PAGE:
Volcano house has a restaurant and also allows guests to spend the night at the rim of the crater. While some find it unnerving to experience the intermittent earth-shaking seismic activity included in the price of admission, others say that it is an experience they are glad they didn't let pass. Volcano House has been accepting overnight guests since its start as a grass shack in the mid 1800s. It is also possible to camp in the park and cabins are also available.
The Thurston Lava Tube, Crater Rim Drive, and Chain of Craters Road
Kilauea and Mauna Loa, the two active volcanoes that comprise Volcanoes National Park, are, according to various guides and guidebooks, currently two of the most active volcanoes on earth. It is possible to witness lava flowing into the ocean. Visitors may approach views of flowing lava in a variety of ways. Crater Rim Drive and Chain of Craters Road afford visitors spectacular views of the coast, including enormous plumes of steam where lava flows into the ocean.
Along the way, there are a variety of interesting points where visitors can stop and explore such things as the Thurston Lava Tube (a cave that once ushered a river of lava along its course) or Devastation Trail (a point where hardened lava from a 1995 flow blocks the road). There are no hiking trails that lead directly to lava flows, but it is possible to get glimpses of the lava from land. Outside the park, Kalapana viewing area on Highway 130 may provide a view of lava flowing. Viewing conditions vary; so make sure you check with park rangers for the best options for that day.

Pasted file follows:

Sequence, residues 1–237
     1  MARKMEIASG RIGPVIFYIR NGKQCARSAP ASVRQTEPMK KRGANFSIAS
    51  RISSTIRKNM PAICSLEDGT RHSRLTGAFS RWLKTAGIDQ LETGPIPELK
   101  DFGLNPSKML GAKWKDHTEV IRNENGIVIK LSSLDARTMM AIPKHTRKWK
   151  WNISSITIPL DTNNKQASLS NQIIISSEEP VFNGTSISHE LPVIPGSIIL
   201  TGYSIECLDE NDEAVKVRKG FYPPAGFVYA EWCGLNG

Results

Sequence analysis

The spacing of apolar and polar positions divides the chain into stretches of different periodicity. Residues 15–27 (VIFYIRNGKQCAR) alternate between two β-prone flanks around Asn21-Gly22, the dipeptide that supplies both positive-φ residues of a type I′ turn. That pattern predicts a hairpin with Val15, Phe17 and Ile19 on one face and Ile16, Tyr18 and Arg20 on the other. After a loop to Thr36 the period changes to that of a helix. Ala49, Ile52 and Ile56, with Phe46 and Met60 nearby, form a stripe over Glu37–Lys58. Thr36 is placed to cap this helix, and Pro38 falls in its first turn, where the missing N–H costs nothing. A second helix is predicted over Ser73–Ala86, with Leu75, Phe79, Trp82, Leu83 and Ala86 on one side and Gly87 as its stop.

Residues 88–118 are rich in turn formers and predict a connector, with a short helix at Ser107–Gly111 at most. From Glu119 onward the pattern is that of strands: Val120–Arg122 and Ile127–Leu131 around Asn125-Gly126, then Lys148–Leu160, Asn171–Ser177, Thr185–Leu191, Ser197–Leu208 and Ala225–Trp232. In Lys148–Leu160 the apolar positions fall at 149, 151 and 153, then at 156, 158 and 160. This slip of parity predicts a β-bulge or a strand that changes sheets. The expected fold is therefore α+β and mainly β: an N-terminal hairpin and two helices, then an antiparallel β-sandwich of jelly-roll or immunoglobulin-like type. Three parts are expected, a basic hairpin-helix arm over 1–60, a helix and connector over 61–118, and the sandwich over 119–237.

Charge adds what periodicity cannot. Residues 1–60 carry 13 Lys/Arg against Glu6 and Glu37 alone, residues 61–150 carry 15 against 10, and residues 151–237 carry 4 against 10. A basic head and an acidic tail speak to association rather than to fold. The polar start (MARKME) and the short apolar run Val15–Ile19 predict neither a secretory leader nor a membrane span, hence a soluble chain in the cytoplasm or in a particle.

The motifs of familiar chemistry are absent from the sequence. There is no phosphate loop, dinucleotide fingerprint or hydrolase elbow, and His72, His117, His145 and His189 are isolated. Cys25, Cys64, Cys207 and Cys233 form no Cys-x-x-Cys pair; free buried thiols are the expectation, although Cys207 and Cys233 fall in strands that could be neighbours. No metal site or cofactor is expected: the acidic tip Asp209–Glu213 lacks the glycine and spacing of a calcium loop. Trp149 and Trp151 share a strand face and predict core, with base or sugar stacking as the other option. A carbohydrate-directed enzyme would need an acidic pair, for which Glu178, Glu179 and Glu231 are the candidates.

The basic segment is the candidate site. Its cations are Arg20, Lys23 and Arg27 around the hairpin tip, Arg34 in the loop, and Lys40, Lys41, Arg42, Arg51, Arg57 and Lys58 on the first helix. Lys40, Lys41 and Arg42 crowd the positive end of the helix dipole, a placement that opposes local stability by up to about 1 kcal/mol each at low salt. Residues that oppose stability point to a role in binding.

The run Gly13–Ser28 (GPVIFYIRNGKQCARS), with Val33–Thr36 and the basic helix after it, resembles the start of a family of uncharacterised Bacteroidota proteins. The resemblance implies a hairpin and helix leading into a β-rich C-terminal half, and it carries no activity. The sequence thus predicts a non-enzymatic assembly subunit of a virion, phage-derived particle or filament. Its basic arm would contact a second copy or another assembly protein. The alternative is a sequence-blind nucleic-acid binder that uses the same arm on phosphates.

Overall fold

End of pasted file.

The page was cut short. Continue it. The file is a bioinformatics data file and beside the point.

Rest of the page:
Visitors may also approach from sea or by air. Helicopter or boat tours provide tourists with views of the lava flowing into the ocean. For the most spectacular and breathtaking views of the flowing lava, go after sunset, but be sure to take proper gear and water. Always check with park rangers or expert guides to be sure that you do not risk your health and safety.
Staying Safe in Volcanoes National Park
Keep abreast of any updates regarding park closures and volcanic activity by visiting the United States Geological Survey (USGS) Kilauea Status Update page, and if you are not with a tour group, then be sure to check in with the Visitor's Center when arriving at the park. Dress for the weather (it can be cool and damp in the park) and be sure to wear comfortable and sturdy footwear. Carry water and a flashlight.
If you are driving yourself rather than going with a tour, check your rental agreement for roads that you may have to avoid or risk voiding your insurance coverage. When we were there, Saddle Road was off limits to anyone using a rental car, according to the rental car agreements that we saw. While there have been improvements to this popular short cut across the island since then, it is worth carefully reading your rental agreement to avoid making a costly error. A visit to Volcanoes National Park can be profound and mystical as well as fun and exciting, but your priority should always be your safety.
Image: Offerings to Pele in Volcanoes National Park, Big Island, Hawaii — Courtesy of Bob Tobin
Disclaimer: The information on this web site is not intended to substitute advice from your physician or health-care professional. Before beginning any health or diet program, consult your physician